5 most brutal and corrupt police service in Africa

Police force of these countries have high cases of human right abuse records.

However, in Africa, some countries’ police service excel in these attributes than others. For a government that thinks its police force will tackle all problems related to law and order as well as corruption.

Below is the list of the 5 countries in Africa where the police forces are extremely corrupt and brutal. Four of these five countries also ranked worst police service in the world in the latest World Internal Security and Police Index (WISPI).

Kenya is one of the African countries whose police service is noted for prevalent problems of citizen brutality and widespread corruption. Protesters in the country are always at the mercy of the sticks and clubs of the country’s police force.

In the 2016/2017 WISPI report, Kenyan police force was ranked the worst in the world and was followed by Uganda and Nigeria.

Police in the country uses any means at its disposal to disperse protest, which has led to many deaths and unlawful detention especially when it is against the government.

South Africa is widely known as the world capital of police brutality. In 2016 alone, there were 244 deaths and 124 rapes by men of police force in South Africa. More so, protest tends to be one of the most upsetting for the South African police and they adopt any available means to end it.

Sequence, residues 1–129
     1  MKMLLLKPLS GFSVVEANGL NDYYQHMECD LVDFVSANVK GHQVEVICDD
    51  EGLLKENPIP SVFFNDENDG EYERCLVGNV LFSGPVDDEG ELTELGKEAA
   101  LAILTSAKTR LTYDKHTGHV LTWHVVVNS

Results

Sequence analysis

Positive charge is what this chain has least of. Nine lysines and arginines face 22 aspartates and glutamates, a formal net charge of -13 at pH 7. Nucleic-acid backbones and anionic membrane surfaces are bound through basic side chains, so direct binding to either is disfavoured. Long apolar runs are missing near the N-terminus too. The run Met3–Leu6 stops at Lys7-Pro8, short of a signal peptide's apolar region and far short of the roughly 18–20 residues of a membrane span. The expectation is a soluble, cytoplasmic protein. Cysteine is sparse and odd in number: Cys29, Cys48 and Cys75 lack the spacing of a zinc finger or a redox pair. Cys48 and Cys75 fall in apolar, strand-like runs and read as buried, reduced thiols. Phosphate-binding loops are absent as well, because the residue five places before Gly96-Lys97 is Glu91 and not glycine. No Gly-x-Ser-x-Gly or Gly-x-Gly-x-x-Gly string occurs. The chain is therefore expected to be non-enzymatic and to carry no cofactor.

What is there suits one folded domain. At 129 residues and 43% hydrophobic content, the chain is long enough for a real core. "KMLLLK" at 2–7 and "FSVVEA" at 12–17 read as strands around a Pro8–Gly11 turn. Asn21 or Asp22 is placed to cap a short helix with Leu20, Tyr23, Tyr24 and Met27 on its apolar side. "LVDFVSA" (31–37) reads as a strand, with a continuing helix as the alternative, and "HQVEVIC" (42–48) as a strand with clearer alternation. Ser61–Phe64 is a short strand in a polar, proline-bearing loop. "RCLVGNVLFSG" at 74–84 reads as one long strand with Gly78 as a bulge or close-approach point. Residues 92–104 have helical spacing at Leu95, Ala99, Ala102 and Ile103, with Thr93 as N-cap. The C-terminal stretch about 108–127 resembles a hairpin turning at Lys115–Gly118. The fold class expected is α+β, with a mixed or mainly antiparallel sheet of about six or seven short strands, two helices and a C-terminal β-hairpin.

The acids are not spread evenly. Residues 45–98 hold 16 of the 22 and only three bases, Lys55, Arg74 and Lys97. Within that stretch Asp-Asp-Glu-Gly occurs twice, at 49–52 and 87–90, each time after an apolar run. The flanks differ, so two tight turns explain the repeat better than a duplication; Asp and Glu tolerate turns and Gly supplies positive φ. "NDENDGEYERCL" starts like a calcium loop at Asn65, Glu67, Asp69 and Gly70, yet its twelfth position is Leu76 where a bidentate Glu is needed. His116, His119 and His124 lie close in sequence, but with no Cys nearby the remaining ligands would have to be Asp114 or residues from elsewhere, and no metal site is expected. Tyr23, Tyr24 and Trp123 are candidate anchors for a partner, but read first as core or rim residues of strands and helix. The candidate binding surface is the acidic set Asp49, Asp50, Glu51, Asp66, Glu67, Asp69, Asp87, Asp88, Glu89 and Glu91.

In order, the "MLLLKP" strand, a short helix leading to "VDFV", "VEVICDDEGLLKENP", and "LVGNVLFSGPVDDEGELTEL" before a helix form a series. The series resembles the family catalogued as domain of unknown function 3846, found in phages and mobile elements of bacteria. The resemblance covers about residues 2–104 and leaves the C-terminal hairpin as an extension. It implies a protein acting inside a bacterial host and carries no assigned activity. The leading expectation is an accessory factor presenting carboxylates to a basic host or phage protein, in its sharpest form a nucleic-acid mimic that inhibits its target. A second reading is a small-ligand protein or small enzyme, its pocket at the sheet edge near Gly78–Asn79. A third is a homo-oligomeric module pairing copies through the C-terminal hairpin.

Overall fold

145 cases of police torture of protesters and innocent citizens were recorded in 2016 as well. It is also on record that the South African government budget cannot take care of the mountain of court cases against the police.

Nigeria Police Force (NPF), like its counterpart in Kenya and South Africa, is renowned for corruption and brutality. WISPI also confirmed that many cases of extra-judicial killings are hanging on the police service.

It is funny that brutality of men of NPF knows no bound, as men of other security outfits also share in this odes. A more recent case is the killing of two officers of the Nigeria Security and Civil Defence Corps (NSCDC)

Men of the Ugandan police force were noted to have no time on the use of pepper stick or water canner to disperse a protesting crowd. They simply go for the use of stick and electric wire to achieve their goals in record time.

In some cases, security forces summarily shot people dead and then dumped the bodies on river banks and in bushes. For instance, at least 100 people were killed and 139 others arrested in clashes between security agencies and palace guards in the western town of Kasese.

The mixture of tense political environment and proneness to crisis made the Congolese police force one with a brutal feature.

For the country’s force, any attempt to breach public peace is met with stiffer measure and seen as a threat to the dictatorial rule of Joseph Kabila


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